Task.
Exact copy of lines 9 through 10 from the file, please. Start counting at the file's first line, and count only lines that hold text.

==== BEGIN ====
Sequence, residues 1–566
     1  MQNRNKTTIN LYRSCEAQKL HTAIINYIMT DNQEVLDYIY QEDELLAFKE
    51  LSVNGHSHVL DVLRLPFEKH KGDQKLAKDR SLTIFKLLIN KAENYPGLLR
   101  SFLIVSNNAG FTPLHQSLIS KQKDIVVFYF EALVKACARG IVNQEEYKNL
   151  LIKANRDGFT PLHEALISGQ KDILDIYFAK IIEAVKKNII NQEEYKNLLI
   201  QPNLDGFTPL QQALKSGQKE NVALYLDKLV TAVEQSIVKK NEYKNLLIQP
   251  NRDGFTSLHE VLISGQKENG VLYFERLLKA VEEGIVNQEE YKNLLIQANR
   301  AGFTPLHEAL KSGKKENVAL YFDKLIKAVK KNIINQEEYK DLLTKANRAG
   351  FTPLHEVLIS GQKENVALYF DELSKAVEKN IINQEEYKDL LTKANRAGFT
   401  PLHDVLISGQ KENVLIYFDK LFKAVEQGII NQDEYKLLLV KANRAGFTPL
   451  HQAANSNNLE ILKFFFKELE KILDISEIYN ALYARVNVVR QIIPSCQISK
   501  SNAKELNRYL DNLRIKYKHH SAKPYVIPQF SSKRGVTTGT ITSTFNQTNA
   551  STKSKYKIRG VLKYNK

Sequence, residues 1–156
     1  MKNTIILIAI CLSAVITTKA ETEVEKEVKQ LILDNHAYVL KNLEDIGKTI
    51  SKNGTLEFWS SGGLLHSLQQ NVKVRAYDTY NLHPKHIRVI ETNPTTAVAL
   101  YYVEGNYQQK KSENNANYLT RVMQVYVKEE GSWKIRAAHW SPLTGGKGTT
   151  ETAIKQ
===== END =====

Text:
   351  FTPLHEVLIS GQKENVALYF DELSKAVEKN IINQEEYKDL LTKANRAGFT
   401  PLHDVLISGQ KENVLIYFDK LFKAVEQGII NQDEYKLLLV KANRAGFTPL